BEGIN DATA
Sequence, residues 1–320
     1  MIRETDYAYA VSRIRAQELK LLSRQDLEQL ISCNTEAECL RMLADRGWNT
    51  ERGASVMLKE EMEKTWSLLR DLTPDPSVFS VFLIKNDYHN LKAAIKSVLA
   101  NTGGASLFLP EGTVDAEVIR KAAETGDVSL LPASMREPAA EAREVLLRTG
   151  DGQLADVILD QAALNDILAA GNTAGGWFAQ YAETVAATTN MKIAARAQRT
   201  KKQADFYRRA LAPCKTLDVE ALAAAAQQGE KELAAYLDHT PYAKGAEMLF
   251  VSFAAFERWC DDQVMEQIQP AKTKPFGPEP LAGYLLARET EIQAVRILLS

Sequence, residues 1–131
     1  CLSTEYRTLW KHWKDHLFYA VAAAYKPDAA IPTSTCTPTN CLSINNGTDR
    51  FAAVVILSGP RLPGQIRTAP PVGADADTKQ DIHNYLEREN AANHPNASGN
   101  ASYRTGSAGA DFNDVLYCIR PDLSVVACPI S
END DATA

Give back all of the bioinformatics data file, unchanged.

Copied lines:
Sequence, residues 1–320
     1  MIRETDYAYA VSRIRAQELK LLSRQDLEQL ISCNTEAECL RMLADRGWNT
    51  ERGASVMLKE EMEKTWSLLR DLTPDPSVFS VFLIKNDYHN LKAAIKSVLA
   101  NTGGASLFLP EGTVDAEVIR KAAETGDVSL LPASMREPAA EAREVLLRTG
   151  DGQLADVILD QAALNDILAA GNTAGGWFAQ YAETVAATTN MKIAARAQRT
   201  KKQADFYRRA LAPCKTLDVE ALAAAAQQGE KELAAYLDHT PYAKGAEMLF
   251  VSFAAFERWC DDQVMEQIQP AKTKPFGPEP LAGYLLARET EIQAVRILLS

Sequence, residues 1–131
     1  CLSTEYRTLW KHWKDHLFYA VAAAYKPDAA IPTSTCTPTN CLSINNGTDR
    51  FAAVVILSGP RLPGQIRTAP PVGADADTKQ DIHNYLEREN AANHPNASGN
   101  ASYRTGSAGA DFNDVLYCIR PDLSVVACPI S